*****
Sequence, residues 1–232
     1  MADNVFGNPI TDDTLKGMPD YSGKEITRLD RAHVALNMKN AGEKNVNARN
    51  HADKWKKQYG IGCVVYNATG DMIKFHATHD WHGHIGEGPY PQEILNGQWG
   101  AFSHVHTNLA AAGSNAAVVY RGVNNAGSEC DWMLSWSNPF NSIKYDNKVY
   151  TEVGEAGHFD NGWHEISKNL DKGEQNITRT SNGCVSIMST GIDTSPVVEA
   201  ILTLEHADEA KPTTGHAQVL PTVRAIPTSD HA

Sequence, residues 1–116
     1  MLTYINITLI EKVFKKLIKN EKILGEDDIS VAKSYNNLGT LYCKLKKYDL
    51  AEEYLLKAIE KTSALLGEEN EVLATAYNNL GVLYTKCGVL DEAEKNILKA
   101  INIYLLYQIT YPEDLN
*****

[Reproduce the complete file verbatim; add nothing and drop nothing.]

Sequence, residues 1–232
     1  MADNVFGNPI TDDTLKGMPD YSGKEITRLD RAHVALNMKN AGEKNVNARN
    51  HADKWKKQYG IGCVVYNATG DMIKFHATHD WHGHIGEGPY PQEILNGQWG
   101  AFSHVHTNLA AAGSNAAVVY RGVNNAGSEC DWMLSWSNPF NSIKYDNKVY
   151  TEVGEAGHFD NGWHEISKNL DKGEQNITRT SNGCVSIMST GIDTSPVVEA
   201  ILTLEHADEA KPTTGHAQVL PTVRAIPTSD HA

Sequence, residues 1–116
     1  MLTYINITLI EKVFKKLIKN EKILGEDDIS VAKSYNNLGT LYCKLKKYDL
    51  AEEYLLKAIE KTSALLGEEN EVLATAYNNL GVLYTKCGVL DEAEKNILKA
   101  INIYLLYQIT YPEDLN